There is a saying about children making the best teachers. Indeed, this is true. At ARA Manzanillo, we have learned the most from our youngest flock member, Pewe, and his family. Thanks to them, we have had the luck and privilege of observing wild (for the most part) macaw parenting in action. It is amazing to notice how many similarities exist between human parenting and macaw parenting. Behaviorally it is intriguing to watch.
Macaw chicks go through developmental milestones just as human children do. They grow baby feathers which eventually lay smoothly and make them look like proper macaws. Their irises are darker making their eyes look bigger, and then lighten and brighten to the colors almost as stunning as their plumage. They have baby (macaw) voices that change into the famous and loud squawks and screeches that we all know and love. They move from being fed to feeding themselves, they learn to use their hands/feet rather than just leaning over and pecking at their food. They learn to communicate. They learn to stand up for themselves when confronted by bullies. As with human children, it takes time and lots of practice, work and even play.
Much like our human parents, Pewe’s macaw parents teach him using many different methods. They model specific behaviors and actions while perched directly in front of or very close next to Pewe, such as using their hands/feet to hold food to their mouths, they use their beak to balance up and down surfaces. They also use vocalizations as sort of verbal cues. They gesture with their beaks and use eye contact. They use touch, directing Pewe with a foot, wing or beak in the proper direction or alerting him to something nearby.
Pewe’s parents also used a form of behavior modification for the cessation of feeding Pewe, designed to increase Pewe’s independence when feeding. Rather than simply stop feeding him altogether they decreased the feeding a little bit over a period of time. At first, the less they fed Pewe the more frequent and loudly he begged. To any parent, this cycle sounds very familiar. When working to address behavior needs human parents are often informed that while decreasing a behavior, they will first see an increase in frequency and intensity of the target behavior. This proved true for Pewe’s parents as well. Throughout the weaning period, all day long Pewe could often be heard calling “mwah!” accompanied by a wing flap and head bob. This was often repeated by other flock members throughout the day.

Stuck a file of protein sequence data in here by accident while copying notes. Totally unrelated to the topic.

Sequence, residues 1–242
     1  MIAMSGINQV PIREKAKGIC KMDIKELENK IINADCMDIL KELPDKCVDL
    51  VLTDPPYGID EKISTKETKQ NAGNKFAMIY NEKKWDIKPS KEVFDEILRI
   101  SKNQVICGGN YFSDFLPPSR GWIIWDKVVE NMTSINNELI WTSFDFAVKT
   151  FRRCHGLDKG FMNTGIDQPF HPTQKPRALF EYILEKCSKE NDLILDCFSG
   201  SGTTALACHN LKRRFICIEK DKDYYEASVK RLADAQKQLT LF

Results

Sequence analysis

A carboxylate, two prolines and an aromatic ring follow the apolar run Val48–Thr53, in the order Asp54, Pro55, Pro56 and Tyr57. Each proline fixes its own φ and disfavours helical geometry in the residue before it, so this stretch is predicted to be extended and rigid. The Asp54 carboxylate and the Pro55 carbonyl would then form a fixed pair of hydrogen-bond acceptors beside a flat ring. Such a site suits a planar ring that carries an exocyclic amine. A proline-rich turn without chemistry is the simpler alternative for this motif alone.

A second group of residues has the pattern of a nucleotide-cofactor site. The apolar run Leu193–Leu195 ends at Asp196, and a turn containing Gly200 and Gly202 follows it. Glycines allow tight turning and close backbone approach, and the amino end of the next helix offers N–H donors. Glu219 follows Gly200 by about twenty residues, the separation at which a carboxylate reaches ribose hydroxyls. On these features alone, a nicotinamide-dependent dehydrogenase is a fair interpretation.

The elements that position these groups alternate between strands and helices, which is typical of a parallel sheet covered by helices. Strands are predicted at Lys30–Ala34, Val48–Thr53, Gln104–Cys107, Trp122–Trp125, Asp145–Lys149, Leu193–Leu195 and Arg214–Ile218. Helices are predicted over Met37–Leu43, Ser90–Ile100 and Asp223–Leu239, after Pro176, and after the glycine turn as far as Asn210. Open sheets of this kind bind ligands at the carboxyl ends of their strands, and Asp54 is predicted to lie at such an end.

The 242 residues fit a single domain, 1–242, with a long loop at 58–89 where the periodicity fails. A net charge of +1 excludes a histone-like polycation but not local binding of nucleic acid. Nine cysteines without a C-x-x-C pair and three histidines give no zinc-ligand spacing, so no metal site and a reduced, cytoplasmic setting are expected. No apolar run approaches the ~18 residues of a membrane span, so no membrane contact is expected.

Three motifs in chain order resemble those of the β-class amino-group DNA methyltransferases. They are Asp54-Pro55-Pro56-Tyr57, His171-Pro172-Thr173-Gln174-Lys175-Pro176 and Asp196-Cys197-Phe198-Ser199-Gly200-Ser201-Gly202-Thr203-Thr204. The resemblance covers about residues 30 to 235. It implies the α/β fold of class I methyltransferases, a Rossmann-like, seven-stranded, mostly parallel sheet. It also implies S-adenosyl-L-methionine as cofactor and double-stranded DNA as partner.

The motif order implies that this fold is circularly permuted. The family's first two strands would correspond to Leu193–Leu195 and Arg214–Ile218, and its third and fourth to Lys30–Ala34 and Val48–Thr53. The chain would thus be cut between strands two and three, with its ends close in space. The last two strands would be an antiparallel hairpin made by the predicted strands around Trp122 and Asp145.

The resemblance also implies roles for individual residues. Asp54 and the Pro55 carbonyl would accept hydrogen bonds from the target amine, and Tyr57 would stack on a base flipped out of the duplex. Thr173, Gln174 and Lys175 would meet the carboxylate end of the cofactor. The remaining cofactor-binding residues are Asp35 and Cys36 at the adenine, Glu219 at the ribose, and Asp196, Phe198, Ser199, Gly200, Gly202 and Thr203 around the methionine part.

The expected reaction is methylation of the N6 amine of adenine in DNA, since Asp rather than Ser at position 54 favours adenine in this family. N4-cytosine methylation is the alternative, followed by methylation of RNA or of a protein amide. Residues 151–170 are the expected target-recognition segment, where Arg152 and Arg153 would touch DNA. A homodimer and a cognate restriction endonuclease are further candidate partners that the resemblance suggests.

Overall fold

Observing Pewe and his parents, it is impossible not to remark on the ways in which his parents teach him how to go about being a macaw. Being a very loquacious species, they naturally use their voices when communicating with him. Macaws use over 500 sounds in the wild (even more when they are involved in life with other species). But they also use non-verbal cues such as gesturing, touch, and modeling. At a feeding station, they typically position themselves with one parent directly in front of Pewe and the other sitting next to him. In this way, he can watch his parents use their hands (actually their feet) to hold food. Pewe has reached this milestone and has developed a dominant left hand (similar to the writer of this article). While he is still getting the knack of using his hands/feet to eat, he has been doing so more often as time goes by.